Located about an hour outside the Valley, Mormon Flat Dam  forms Canyon Lake: a 10-mile lake that offers boating, fishing and hiking in scenic views. But beyond making fun weekend excursions possible, Mormon Flat Dam is also a source of renewable energy thanks to a pumped storage unit that moves water up and down more than 200 feet of elevation. Today, the dam can create 60 megawatts — enough to power more than 13,000 homes.  

“We’ve always used [Mormon Flat Dam] as a battery,” explains Eric Hannoush, principal engineer at SRP. “You pump [water] up when you need to store energy, and then you let it fall back down and pass through the generators to produce the same amount power back. When we’re pumping, we’re using about 60 megawatts, and we can expect about 55 megawatts back from an efficiency perspective.”  

This pumped storage unit integrates well with other renewable resources. Since solar power can only be generated during the day, that energy can be used to pump water up before releasing it back down at night to create the electricity needed when the sun is down. While battery technology is improving, Hannoush notes that pumped storage is a proven technology and other batteries have a lifespan of 10 years. The unit at Mormon Flat Dam has been generating electricity since 1971, for comparison.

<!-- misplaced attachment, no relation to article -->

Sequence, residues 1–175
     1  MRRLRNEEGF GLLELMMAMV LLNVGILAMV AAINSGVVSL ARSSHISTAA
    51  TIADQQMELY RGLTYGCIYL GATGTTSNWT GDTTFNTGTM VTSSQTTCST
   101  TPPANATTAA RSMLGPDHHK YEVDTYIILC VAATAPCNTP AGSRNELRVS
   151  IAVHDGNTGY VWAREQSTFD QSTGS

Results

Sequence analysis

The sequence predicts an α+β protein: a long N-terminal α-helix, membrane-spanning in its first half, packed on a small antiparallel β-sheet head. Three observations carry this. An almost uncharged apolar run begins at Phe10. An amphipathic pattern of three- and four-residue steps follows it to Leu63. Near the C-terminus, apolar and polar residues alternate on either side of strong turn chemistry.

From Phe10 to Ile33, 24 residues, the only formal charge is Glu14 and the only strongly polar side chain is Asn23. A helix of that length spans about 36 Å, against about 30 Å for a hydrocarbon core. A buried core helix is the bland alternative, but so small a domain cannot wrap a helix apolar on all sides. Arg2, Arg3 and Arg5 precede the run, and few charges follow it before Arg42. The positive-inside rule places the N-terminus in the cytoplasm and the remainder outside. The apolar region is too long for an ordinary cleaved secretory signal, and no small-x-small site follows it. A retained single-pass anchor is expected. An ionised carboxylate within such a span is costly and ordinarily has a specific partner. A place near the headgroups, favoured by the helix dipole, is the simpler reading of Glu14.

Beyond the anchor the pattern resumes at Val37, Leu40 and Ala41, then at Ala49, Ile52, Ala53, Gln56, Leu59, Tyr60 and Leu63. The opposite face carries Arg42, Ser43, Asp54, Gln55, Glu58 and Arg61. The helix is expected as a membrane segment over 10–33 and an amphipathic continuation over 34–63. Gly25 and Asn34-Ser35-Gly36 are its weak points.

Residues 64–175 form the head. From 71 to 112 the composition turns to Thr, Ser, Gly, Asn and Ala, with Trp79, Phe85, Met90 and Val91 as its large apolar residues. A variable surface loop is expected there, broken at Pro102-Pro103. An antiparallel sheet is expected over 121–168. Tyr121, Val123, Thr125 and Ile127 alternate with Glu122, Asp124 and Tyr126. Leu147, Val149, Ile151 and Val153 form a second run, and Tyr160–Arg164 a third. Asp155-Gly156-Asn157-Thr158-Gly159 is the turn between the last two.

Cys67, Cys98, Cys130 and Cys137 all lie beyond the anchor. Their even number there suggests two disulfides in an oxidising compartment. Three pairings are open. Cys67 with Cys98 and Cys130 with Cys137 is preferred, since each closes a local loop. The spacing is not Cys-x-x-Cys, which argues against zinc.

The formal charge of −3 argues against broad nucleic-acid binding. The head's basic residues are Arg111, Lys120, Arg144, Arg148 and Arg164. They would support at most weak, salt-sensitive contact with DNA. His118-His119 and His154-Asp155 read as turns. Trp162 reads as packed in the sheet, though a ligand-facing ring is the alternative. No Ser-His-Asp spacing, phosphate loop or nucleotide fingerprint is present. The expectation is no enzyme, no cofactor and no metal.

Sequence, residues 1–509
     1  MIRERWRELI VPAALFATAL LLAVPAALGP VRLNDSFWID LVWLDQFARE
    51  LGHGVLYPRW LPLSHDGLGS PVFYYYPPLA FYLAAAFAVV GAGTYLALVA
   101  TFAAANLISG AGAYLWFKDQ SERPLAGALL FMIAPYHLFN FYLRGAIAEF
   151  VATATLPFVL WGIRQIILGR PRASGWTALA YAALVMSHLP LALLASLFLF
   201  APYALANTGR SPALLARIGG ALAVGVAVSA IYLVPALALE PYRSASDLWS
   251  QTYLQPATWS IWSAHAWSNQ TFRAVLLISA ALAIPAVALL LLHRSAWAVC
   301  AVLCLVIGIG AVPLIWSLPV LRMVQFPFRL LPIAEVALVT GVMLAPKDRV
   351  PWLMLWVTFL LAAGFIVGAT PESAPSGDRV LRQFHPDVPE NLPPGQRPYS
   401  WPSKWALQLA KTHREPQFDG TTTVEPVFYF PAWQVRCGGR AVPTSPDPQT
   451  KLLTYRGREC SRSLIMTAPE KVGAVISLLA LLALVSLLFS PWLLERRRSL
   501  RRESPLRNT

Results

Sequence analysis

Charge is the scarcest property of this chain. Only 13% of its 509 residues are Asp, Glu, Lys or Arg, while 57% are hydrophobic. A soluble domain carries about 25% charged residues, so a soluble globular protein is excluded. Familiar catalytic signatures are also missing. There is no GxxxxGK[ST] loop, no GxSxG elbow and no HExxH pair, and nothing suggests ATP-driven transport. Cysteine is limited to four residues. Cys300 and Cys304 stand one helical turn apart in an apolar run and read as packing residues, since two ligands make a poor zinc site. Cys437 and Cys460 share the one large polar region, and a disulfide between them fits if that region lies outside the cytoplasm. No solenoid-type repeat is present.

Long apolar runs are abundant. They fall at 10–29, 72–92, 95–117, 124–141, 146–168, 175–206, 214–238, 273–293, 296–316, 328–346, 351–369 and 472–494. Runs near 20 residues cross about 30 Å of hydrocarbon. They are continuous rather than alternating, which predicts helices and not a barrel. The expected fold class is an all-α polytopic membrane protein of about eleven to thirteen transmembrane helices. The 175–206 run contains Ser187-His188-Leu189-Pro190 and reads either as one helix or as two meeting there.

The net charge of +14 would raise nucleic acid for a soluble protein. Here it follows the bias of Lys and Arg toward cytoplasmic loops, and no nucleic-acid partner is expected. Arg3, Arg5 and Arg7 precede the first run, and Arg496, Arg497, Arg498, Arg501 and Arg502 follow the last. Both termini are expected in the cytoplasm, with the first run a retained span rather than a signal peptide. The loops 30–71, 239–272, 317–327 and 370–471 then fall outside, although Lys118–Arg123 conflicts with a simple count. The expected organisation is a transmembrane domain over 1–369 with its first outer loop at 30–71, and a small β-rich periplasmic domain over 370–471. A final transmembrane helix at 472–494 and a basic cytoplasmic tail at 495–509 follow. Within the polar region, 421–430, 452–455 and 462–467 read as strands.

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Upstream of Mormon Flat Dam is Horse Mesa Dam — another pumped storage facility that generates 97 megawatts. To expand on the efficacy of the power generation method, SRP is looking at building another facility using Apache Lake as a lower reservoir, which is expected to create 2,000 megawatts of electricity.  

To better understand the assets it already has, SRP leverages a 40-year-long partnership with Arizona State University (ASU). Currently, the institutions are working together on two projects. The first uses lidar technology to assess the wear-and-tear on the hydropower turbines in Mormon Flat Dam and Horse Mesa Dam. Some of the turbines have been in use for more than 50 years and can weigh nearly 50 tons, and the images obtained help determine what repairs may be needed or when a replacement may be necessary.  

The second project builds on the first by creating a “digital twin” of the facility using both lidar and 360-degree cameras. This allows SRP employees to view the inner workings of the dam on their computers, saving time.  

“The current process now is that we go in manually and crawl under the unit. We’re taking pictures and trying to get depth measurements to see when we need to start making repairs,” Hannoush explains. “The benefit of this project would be to have the computer develop all the reports that we can use as engineers to make recommendations for our management team about when repairs need to be implemented.”